You are not your brother's keeper. You are responsible for nobody but yourself (and those you voluntarily choose to help and support). Until you accept that, and everything it implies, you should not be surprised when government dictates what you eat. You should not be surprised that government demands that you practice what you preach.

4 comments:

Paul Hsieh said...

Thank you, Brian, for pointing out this connection between altruism and statist control over people's lives.

Too few on the political right understand this (because they themselves are not opposed in principle to this sort of control).

For more on this, please see my OpEd from the Christian Science Monitor, "Universal Healthcare and the Waistline Police":

http://www.csmonitor.com/2009/0107/p09s01-coop.html

Brian Phillips said...

Thank you Paul, for all you have done on this very important issue.

Robert Bumbalough said...

Hello and Greetings from Robert Bumbalough. I'm pleased to meet you and make your acquaintance over the internet. You present a good summation. However, you failed to address the whys.

Why is it the case that Altruism is not a valid moral principle?

Why are human beings not their brother's keeper given that universal common descent is a fact of reality?

Since all humans are actually genetically related, then are we not all actually family?

If we are then all family, are we not then obligated to assist each other in the sense of all for one and one for all?

Besides blood is thicker than water, isn't it?

What is it about human beings or human cognition that indicates there is not a categorical imperative to selflessness as the highest morality?

Why would'nt it be good to compel those of our lazy brothers to exercise and eat properly?

You stated "You are not your brother's keeper. You are responsible for nobody but yourself (and those you voluntarily choose to help and support).", but you failed to make any supporting argument for this position. Why is that?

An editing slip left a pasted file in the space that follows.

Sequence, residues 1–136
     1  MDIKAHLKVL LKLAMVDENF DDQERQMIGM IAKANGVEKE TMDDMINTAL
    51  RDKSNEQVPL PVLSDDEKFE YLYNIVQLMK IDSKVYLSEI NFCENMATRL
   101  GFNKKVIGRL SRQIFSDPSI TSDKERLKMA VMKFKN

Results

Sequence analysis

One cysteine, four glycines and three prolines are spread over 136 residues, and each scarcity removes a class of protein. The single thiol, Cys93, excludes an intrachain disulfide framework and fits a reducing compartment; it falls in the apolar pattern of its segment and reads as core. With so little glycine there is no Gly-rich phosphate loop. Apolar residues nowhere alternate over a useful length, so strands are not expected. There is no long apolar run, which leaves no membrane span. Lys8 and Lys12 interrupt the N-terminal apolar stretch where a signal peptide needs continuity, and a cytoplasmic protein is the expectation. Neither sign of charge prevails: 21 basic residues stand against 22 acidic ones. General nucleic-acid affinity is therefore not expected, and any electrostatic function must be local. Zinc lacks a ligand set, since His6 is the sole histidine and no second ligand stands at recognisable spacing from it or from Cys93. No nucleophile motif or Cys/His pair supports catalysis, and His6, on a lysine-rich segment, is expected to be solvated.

Please do not take these questions as any sort of ad hominem attack or Argumentum ad Vericundium wherein I hold myself as authority. Be assured I like you and am pleased to be able to communicate with you. I am a neophyte objectivist follower of Rand and Peikoff. As such I echo Rand's assertion that "The objective theory holds that the good is neither an attribute of “things in themselves” nor of man’s emotional states, but an evaluation of the facts of reality by man’s consciousness according to a rational standard of value." This then means that no emotional state such as that provoked by inconvenience of being forced to exercise or quite smoking or using salt can be evil or good. By way of playing devil's advocate, I then ask for an argument against altruism and selflessness as moral prescriptions that can overcome the objections I mentioned above.

Thanks for your hard work and good solid reasoning.

Robert Bumbalough

Brian Phillips said...

Robert,
You are correct--I did not address the whys. The reason is quite simple: it was beyond the theme of this particular post.

My theme is that altruism has implications beyond the obvious--that it has both physical and intellectual implications.

It is impossible to address every possible objection, nuance, implication, etc. in about 600 words, which is my general goal for a post. Therefore, I must delimit what I address.

I appreciate the questions and good luck in your study of Objectivism.